The Ultimate Guide On Furnace Filters
Furnace filters are an often overlooked part of basic home maintenance.
When I perform home inspections, I am not surprised when I discover filters that are months overdue on cleaning or replacement.
Even though most 1-inch filters can be changed every 3 months at the longest, it still comes down to allergy sensitivity and personal preference. In my home, I change my filter at least every 30 days otherwise I start to sneeze and feel terrible.
In this guide, I will go over…
- My #1 top picks for the best washable & reusable furnace filters
- Signs to know when to change your A/C filters
- My review on the best furnace filters specifically for allergy sufferers
- Where your air conditioner filters are usually located
- The best HVAC filters for odor removal
- How to clean furnace filters
- And lastly, my review on the best furnace filters for dust control
Let’s get started with this guide!
What's In This Guide?
Many of my clients don’t realize that there are washable furnace filters that can be cleaned every 1-3 months and reused.
These washable furnace filters are also treated with an electrostatic charge so that fine dust particles are attracted to the filter — while it allows clean air to pass through.
It doesn’t take an accountant to realize that buying a washable furnace once can save some serious cash over the years.
The average washable furnace filter will last between 3-5 years, but some can last 10 years or longer.
And the cleaning process is simple. All you have to do is take it outside, hose it off, and allow it to dry. You can also rinse it under a utility sink.
If you are tired of dishing out money each month for your HVAC air filters, then buying a high quality washable filter may be your ticket to savings.
However, if you or your family suffers from allergies, I personally still recommend buying disposable and high MERV rating filters specifically designed for allergy sufferers. Here is my detailed review on the best rated washable furnace filters.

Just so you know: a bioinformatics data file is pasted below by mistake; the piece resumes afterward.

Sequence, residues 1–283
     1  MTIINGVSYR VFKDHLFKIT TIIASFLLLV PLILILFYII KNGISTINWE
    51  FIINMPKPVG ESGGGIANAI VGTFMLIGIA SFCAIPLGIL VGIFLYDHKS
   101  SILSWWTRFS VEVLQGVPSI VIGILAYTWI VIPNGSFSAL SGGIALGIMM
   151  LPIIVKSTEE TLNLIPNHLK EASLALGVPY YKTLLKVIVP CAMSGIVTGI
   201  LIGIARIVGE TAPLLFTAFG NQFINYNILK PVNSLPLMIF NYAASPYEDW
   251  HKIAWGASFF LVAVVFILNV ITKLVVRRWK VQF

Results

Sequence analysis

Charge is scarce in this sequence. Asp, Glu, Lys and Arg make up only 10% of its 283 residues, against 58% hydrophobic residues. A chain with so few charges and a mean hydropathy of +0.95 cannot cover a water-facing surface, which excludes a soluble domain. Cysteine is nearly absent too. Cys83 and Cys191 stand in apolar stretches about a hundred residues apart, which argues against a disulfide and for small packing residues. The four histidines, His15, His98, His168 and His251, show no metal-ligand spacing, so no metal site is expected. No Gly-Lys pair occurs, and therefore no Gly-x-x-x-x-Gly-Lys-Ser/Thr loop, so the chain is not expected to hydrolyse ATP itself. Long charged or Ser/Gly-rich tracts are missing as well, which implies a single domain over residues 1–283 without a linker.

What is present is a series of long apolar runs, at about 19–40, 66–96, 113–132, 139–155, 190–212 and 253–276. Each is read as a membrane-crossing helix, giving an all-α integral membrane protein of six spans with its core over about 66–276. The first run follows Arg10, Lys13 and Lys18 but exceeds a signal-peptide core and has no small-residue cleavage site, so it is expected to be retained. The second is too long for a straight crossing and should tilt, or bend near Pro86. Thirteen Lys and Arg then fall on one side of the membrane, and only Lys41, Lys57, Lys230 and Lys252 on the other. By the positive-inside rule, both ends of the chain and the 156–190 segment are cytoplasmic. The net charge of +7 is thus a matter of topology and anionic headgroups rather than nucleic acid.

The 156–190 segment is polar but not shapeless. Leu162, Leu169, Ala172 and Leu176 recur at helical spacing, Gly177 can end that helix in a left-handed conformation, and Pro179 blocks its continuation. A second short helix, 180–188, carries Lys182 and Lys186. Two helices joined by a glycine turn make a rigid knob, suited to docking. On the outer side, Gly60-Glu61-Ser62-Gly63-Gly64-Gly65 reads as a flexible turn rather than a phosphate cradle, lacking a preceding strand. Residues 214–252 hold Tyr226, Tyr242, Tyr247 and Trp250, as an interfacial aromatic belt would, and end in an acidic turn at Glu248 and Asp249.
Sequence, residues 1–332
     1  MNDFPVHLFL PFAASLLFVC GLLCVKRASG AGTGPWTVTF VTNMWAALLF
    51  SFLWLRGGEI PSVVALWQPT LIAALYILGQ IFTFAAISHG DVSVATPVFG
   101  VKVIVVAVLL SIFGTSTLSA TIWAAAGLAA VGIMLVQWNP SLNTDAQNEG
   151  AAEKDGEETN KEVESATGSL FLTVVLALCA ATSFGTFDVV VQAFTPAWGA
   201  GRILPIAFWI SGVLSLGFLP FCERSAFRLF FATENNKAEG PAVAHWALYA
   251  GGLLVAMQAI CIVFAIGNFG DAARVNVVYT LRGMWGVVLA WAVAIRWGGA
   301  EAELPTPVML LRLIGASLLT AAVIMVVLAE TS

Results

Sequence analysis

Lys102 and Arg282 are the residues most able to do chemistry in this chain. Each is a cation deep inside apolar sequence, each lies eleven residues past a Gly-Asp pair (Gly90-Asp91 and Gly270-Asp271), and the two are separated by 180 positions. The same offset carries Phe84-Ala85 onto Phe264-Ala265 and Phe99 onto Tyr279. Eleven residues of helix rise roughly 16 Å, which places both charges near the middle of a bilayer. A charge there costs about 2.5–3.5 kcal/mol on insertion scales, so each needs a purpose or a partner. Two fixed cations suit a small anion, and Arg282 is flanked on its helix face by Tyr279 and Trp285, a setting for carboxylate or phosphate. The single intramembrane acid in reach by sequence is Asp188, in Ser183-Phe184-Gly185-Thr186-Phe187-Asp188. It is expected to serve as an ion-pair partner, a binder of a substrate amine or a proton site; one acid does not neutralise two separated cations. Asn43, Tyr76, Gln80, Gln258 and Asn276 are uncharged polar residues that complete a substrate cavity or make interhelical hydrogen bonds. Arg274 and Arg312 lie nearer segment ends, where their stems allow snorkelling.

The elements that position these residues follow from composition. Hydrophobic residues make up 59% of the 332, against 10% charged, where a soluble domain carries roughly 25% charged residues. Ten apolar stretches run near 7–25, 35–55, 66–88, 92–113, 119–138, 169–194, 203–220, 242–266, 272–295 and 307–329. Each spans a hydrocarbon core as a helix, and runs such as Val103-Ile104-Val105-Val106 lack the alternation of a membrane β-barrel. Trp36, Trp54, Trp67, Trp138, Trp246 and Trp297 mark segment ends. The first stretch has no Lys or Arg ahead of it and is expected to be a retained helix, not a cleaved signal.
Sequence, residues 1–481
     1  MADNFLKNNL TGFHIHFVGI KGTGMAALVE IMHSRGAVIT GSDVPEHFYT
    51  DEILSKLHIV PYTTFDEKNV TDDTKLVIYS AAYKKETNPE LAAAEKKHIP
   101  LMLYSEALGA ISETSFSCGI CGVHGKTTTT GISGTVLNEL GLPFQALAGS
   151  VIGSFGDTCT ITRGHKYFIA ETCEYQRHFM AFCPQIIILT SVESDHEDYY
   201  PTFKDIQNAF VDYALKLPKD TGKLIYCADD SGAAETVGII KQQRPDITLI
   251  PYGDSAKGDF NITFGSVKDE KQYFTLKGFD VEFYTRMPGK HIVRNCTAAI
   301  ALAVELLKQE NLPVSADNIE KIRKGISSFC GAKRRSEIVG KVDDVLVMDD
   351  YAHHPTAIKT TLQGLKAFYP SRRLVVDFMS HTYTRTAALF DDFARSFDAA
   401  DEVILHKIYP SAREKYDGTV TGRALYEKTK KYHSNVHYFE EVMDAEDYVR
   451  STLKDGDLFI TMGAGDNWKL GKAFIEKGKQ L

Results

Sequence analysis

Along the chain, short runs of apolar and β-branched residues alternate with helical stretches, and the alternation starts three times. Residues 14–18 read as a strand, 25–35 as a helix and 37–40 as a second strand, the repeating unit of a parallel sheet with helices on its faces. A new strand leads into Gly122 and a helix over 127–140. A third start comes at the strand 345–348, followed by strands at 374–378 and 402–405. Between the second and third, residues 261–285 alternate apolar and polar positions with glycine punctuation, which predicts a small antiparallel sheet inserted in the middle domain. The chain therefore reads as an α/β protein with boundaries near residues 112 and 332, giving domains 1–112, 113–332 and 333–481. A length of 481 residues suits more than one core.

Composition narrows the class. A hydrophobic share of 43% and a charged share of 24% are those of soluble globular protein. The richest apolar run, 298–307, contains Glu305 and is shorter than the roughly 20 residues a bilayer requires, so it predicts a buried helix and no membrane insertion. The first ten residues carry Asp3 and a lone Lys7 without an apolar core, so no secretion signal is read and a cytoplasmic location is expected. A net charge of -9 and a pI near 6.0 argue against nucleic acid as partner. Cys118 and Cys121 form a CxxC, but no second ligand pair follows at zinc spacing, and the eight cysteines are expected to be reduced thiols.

Everyone knows that we have to change the furnace filter (at least most people), but when exactly should you change it?
My preferred method of changing it is based on a visual inspection of the filter, as well as your own allergic symptoms.
If you are sneezing and coughing at week 5, should you really wait the maximum 3 months manufacturer recommendation?
Also, HVAC filters are frequently installed incorrectly. One of the most important things is to have the arrow on the filter in the correct direction — towards the furnace air flow.
Besides the arrow, I find many filters are not properly sealed. There is a missing filter cover, which reduced the efficiency of the furnace.
Sometimes, I find a filter that is warped inside the furnace because the slot isn’t snug. If your furnace filter isn’t working properly or is never changed, it can literally cause an HVAC system failure.
Even though these things are simple to fix, changing your filter at the correct time and in the right way can make a big difference to your indoor air quality — and the efficiency of your HVAC system. I invite you to read my full article on how often to change a 1-inch furnace filter.
Many homeowners don’t realize that the quality of your AC filter can have a tremendous impact on seasonal allergies.
The basic filtration rating system for furnace filters is from MERV 5 and up to MERV 16.
As a home inspector, I recommend buying a filter that has higher than average MERV rating if you suffer from allergies — it can make a big difference to your air quality.
However, you need to be careful in going with a too high MERV.
The simple answer is that it may damage your furnace because it reduces air flow. Especially if you have a newer high efficiency furnace that has PVC exhaust piping.
If you install a MERV 13 or higher, it may cause harmful short cycling of your HVAC system (rapidly turning on and off). I think MERV 8-12 is high enough for most allergy sufferers, and is already superior quality to the average HVAC filter.
I also recommend changing the filter every 30 days if you suffer from allergies, or you can also wait until you start to get allergic symptoms but before the 90 day manufacturer maximum recommendation.
When I inspect homes, once in a while, it can be a challenge to find all of the furnace filters — and it may be downright impossible for a new home buyer.